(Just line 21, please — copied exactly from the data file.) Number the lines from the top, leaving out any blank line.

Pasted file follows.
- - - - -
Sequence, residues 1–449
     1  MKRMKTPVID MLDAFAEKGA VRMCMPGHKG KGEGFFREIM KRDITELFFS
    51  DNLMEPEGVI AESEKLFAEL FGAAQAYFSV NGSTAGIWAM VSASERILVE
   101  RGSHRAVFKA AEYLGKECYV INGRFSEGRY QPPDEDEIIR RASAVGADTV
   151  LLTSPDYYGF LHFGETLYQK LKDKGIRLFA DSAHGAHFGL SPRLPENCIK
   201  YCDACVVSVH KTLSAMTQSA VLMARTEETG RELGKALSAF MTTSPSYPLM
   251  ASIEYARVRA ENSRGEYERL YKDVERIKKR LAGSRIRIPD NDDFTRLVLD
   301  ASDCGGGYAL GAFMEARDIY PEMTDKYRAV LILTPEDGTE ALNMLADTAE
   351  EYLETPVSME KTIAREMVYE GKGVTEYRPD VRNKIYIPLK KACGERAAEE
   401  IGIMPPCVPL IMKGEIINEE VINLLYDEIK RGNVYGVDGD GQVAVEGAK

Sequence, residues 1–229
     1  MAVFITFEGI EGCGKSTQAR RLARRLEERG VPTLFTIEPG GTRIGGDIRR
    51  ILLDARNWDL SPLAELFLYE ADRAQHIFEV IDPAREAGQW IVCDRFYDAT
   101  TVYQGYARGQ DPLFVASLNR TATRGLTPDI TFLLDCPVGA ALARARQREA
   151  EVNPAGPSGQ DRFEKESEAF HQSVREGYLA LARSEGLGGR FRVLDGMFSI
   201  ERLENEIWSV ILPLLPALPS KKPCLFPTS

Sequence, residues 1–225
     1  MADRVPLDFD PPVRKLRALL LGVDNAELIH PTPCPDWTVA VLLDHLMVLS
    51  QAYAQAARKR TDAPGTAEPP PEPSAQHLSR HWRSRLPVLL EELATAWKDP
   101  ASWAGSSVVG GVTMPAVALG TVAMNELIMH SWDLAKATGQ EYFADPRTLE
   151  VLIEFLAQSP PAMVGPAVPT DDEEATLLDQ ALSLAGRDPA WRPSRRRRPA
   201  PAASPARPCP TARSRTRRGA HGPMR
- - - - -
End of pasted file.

   151  VLIEFLAQSP PAMVGPAVPT DDEEATLLDQ ALSLAGRDPA WRPSRRRRPA